Sharon Water Rate Increase Needed For Infrastructure Maintenance

First 7,500 gallons would stop being 'free' under proposal.

To the Editor:

A Water Department proposal to increase water rates will be considered at a selectmen's hearing on Tuesday, Sept. 6, at 7 p.m., at the Sharon Community Center. The Water Management Advisory Committee supports the proposal.

Residential rates would rise in blocks. All user blocks would pay a fixed base fee of $60 per year for connection to the system, and in addition usage charges for the amount of water they consume.

The lowest users' usage rate ($3 per thousand gallons) would not go up, but they would no longer receive up to 7,500 gallons of water "free" with their base fee payment.

Blocks 2, 3, and 4 usage rates per thousand gallons (winter) would rise from $4 to $6.50, $6 to $7.50, and $10 to $12.50, respectively.

The increased rates are needed to step up infrastructure maintenance as recommended in a water master plan. The Water Department depends exclusively on revenues generated by water bills, and the water rates must be set to cover the full cost of supplying the community with water.

WMAC member Paul Lauenstein, a strong advocate for water conservation for both environmental and economic reasons, supports the relatively low fixed base fee of $60 per year for all user blocks because it is not an undue burden on modest-income households,
and it allows plenty of scope for people to choose to conserve water, based on progressive usage rates.

He opposes any future scenarios that would raise the fixed base fee to as much as $200 peryear. Such a high base fee would reduce the opportunity to lower the water bill by conserving water. "Sharon has used a rate structure with low fixed base fee and progressive usage rates for many years," Mr. Lauenstein says. "It provides a strong incentive to conserve, and has been a leading reason why water use efficiency has improved so much in Sharon."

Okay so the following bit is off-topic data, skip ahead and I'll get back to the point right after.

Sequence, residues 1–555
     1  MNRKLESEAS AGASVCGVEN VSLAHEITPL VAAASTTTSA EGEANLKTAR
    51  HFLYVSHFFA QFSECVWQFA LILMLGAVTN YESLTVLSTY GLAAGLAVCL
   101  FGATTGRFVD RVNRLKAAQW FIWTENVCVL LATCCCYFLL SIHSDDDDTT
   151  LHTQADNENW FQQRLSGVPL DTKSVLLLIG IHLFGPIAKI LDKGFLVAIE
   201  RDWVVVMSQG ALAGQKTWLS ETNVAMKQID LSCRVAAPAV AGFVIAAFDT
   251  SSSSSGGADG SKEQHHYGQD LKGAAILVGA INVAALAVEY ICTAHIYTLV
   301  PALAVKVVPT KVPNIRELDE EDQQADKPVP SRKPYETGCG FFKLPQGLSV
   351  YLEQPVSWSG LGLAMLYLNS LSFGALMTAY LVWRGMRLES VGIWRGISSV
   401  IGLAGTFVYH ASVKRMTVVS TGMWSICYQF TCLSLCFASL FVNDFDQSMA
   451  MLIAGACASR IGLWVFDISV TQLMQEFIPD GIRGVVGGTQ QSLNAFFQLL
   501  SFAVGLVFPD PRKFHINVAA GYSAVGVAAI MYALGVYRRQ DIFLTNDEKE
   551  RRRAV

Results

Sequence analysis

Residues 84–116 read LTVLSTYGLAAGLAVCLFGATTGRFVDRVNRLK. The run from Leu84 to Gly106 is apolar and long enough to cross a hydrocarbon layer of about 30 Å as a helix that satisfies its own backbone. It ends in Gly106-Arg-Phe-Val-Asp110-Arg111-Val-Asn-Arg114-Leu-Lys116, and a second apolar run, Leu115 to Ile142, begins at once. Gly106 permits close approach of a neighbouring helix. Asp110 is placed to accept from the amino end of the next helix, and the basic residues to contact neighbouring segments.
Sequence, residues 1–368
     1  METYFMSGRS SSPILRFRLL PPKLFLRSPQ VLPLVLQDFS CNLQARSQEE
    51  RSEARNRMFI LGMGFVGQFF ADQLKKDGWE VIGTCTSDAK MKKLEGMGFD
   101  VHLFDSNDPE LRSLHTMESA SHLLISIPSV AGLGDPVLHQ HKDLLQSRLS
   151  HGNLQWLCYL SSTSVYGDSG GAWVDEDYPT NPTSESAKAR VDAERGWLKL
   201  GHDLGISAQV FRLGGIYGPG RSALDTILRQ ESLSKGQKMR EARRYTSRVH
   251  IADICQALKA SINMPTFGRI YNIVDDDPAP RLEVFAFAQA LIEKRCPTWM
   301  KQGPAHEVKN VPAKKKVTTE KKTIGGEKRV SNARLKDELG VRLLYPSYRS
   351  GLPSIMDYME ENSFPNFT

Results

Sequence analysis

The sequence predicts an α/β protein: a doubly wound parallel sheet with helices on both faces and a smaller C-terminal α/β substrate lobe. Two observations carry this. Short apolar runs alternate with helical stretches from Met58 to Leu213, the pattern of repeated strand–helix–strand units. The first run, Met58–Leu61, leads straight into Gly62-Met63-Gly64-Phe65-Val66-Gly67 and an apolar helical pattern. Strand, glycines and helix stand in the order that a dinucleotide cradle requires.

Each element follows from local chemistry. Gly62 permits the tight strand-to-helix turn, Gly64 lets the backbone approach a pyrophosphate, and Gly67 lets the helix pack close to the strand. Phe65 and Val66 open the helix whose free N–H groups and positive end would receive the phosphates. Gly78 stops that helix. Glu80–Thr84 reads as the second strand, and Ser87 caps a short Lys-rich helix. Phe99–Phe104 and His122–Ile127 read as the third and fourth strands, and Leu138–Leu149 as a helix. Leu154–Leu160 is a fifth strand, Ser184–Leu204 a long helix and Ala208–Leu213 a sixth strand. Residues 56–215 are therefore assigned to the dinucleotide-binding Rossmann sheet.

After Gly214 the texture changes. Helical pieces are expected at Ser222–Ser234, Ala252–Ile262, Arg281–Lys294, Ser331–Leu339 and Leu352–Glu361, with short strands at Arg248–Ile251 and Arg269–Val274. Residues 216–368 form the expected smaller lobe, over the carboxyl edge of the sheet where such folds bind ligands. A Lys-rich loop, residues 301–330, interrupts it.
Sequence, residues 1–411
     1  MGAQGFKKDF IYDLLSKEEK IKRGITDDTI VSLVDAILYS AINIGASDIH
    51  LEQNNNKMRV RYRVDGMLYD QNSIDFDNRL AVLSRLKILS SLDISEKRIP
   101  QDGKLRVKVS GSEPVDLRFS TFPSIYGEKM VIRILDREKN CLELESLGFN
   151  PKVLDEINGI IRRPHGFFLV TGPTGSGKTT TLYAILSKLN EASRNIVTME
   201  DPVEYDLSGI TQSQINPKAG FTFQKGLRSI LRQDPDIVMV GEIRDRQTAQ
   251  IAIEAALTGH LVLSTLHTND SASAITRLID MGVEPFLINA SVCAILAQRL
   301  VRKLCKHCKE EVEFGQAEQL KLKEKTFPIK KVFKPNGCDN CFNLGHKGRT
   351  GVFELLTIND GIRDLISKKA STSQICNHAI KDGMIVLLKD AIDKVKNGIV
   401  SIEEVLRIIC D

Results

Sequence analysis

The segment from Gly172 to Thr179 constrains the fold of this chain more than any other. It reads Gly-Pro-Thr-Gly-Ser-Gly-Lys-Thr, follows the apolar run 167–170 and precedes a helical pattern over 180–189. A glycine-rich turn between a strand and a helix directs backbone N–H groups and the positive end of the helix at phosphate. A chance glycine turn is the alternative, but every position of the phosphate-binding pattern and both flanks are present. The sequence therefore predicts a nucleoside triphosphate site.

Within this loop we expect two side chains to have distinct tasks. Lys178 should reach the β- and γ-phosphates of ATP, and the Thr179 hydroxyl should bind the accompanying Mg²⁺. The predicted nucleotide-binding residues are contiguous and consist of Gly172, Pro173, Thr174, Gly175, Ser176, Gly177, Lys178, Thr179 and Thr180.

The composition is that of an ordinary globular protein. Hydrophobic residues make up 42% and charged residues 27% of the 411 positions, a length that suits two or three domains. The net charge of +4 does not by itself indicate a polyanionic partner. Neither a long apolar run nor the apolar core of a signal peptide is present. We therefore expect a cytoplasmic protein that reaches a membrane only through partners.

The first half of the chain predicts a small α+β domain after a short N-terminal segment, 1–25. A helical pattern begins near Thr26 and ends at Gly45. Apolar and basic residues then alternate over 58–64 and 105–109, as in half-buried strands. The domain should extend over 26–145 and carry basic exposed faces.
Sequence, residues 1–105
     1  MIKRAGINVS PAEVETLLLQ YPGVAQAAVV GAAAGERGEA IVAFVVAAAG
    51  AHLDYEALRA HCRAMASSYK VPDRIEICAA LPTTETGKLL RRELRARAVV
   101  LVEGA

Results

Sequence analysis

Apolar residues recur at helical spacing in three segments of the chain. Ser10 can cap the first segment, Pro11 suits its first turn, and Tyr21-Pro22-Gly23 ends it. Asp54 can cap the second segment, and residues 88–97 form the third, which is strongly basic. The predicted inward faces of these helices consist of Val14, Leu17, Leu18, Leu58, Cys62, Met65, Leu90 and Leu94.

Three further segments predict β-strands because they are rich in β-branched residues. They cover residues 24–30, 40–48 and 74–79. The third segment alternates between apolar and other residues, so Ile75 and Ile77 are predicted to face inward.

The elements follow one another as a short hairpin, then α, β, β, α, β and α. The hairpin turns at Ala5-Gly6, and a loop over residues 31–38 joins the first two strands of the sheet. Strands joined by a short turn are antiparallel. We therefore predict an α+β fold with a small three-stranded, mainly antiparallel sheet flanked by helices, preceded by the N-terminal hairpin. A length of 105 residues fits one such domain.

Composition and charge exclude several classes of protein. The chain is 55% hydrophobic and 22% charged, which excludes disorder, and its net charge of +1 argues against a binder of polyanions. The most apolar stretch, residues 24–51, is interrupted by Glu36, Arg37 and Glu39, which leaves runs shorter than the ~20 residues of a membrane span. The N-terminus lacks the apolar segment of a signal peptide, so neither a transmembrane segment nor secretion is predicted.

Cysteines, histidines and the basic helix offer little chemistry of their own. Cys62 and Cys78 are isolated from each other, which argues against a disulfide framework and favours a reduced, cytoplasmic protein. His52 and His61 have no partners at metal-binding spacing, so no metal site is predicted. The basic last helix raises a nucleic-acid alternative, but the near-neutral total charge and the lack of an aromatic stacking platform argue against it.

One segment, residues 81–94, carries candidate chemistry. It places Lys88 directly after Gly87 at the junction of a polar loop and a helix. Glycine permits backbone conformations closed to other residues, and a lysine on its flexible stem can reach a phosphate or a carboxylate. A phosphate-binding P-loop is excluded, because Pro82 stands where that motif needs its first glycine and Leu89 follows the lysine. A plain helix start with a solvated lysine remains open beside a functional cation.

Reduced water usage has also helped the town avoid millions of dollars in water supply costs (for instance, by avoiding the need for an expensive MWRA connection).

Alice Cheyer


Howard Wiseman September 06, 2011 at 02:08 PM
I suspect the infrastructure problem is pervasive in the water delivery system and support a reasonable funding mechanism for repair. It would be interesting to know how much water is pumped by the Water Department versus the amount of water that is delivered through water meters. The difference, adjusting for any unmetered usage such as fire hydrants, is your transmission loss. Antiquated systems with chronic under-investment can experience transmission losses approaching 50 percent. Improving Sharon's water infrastructure is a win-win as reducing transmission loss may eliminate the need for more storage, which would undoubtedly be more expensive than modernizing our water mains. Sincerely, Howard Wiseman 11 Massasoit Road Sharon, MA 02067


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